July, 1897. A valiant sea captain, a clever fugitive, a deceptive cook and a beautiful stowaway begin their journey from the unforgiving Black Sea to the misty shores of England.

But hidden in the hold of the Russian schooner Demeter, an ancient predator with a lust for blood lies in wait.

Soon, the voyage takes a sinister turn, and the crew realizes the grave danger they are in. Will any of them make it to their destination alive?

My Rating: * * * * *

My Review:

I have always loved Bram Stoker’s Dracula, and I know that it began my lifelong love of the vampire. The story is written in Stoker’s style and you come to know everything about Dracula’s journey from Varna to Whitby. You’ll learn about Lucy, Mina and Renfield whose minds are influenced by Dracula from the Demeter. The horror starts slow but the sea cruise soon turns into a formidable nightmare. I could feel the terror of these poor souls trapped at sea with this evil. I admit I’ve always been curious about what took place on the ship Dracula was transported to England on. I’m pleased to say I found the writing excellent, perhaps even surpassing the original novel by Stoker that it’s based upon. The pages easily held me mesmerized, perhaps a little of the Count’s mystical powers are involved because I found it difficult to put the novel down once I’d started reading.

In Stoker’s novel we know the vampire is a stowaway, hidden away in his crates of foul dirt, and that no one is left alive to steer the ship into port at the end of the voyage. We are drawn quickly into the lives of the unlucky crew, and the single passenger and stowaway fated to die aboard the Demeter. They come across as real people, the descriptions and individual personalities shown in vivid 3D color. The tension level is kept high throughout, which in my opinion is the key to any good horror story. The reader swiftly begins to feel the growing terror of these people, trapped on a ship with a monster out on the open seas. A warning here; you may want to read this novel during the daylight hours because all the senses are brought into play, including fear and disgust. When the storm rages around the ship, we can almost feel the spray of the saltwater on our face, smell the Count’s fetid breath brush against the neck, feel the stickiness of blood. For sure it’ll bring out a shiver or two. As we delve deeper into the story, one can’t help but hope for a miracle to arrive in time to save these doomed people. In fact there was always a seed of hope that someone could survive even though I knew this to be impossible.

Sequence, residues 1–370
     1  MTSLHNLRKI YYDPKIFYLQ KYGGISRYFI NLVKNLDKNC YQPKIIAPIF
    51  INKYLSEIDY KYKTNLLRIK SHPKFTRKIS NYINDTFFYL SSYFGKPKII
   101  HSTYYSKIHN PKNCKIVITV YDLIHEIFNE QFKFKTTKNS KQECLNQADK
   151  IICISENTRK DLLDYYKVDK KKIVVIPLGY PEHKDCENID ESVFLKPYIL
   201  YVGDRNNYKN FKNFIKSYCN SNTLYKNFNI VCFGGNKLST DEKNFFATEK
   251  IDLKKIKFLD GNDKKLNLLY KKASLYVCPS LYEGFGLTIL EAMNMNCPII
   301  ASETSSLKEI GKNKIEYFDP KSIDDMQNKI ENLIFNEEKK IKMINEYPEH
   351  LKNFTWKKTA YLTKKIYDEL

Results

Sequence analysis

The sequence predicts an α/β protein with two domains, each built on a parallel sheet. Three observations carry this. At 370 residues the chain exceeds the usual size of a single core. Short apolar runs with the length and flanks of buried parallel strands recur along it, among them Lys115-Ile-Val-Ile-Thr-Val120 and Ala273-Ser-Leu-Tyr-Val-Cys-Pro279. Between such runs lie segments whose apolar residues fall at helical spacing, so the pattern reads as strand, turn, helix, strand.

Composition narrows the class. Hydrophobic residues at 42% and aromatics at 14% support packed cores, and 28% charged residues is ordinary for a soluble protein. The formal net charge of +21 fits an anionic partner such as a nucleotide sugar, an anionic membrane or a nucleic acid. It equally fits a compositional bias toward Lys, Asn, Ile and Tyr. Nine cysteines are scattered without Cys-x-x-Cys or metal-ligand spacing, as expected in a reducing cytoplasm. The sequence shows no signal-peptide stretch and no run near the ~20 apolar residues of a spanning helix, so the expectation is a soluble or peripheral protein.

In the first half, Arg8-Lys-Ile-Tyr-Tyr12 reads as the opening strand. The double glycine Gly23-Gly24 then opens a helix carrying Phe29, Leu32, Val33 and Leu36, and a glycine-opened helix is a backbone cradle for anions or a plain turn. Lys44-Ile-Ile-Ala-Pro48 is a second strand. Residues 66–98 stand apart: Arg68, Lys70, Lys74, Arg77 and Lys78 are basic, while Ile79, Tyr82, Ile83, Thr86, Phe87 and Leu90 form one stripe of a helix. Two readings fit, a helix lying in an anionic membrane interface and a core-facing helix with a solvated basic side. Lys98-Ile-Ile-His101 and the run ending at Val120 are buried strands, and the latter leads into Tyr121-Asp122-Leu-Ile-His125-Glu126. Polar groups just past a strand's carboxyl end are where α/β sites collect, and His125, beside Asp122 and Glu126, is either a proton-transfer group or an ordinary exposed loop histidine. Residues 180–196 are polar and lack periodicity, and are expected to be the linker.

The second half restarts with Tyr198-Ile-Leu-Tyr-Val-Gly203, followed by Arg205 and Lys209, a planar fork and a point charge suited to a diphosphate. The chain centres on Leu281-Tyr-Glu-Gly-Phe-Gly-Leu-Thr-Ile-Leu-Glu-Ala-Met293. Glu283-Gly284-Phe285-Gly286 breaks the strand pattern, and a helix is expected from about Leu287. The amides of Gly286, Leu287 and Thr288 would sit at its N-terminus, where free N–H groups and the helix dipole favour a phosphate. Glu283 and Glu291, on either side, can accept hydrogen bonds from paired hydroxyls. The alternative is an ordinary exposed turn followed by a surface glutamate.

This book in the flesh narrated the whole journey and describes the entire terrifying events and meticulous planning of the vampire with which he slowly and viciously kills the ship’s crew one by one increasing the level of claustrophobia, paranoia and tension among the survivors.

As the crew rumbles about a bad feeling onboard and mysterious weather follows the vessel, the crew of the Demeter begin to disappear one after another, falling prey to the predatory vampire hidden in the bowels of the ship’s hold. If you’re like me and always wanted to know what took place at the beginning of the famous Count’s journey from Transylvania to England, and you enjoy the scare of a good horror story, then Dracula’s Demeter is the novel for you. You will even find out the irony of the name of the doomed ship. I highly recommend Dracula’s Demeter.



About Doug Lamoreux

The last, quite possibly the least, Renaissance man, Doug Lamoreux (a father of three strong men and a grandfather), a lifelong horror film fan and child of Famous Monsters of Filmland magazine, recognized his incompatibility with the rest of the world – and gave it all up to act and write. He appeared in Mark Anthony Vadik’s The Thirsting (aka Lilith) and Hag. He starred in Peter O’Keefe’s Infidel and Boris Wexler’s The Arab. All interspersed with forty years in theater (during which he fell off the stage twice). Now he writes swell horror novels. The first-ever Igor Award recipient from The Horror Society, Doug is a former Pushcart Prize nominee, Rondo Award nominee, and his novel, Dracula’s Demeter, was a 2012 Lord Ruthven Award nominee for fiction.

All this blood,” Nikilov had said, waving his pathetic crucifix. “And not a drop to drink.”

― Doug Lamoreux, Dracula’s Demeter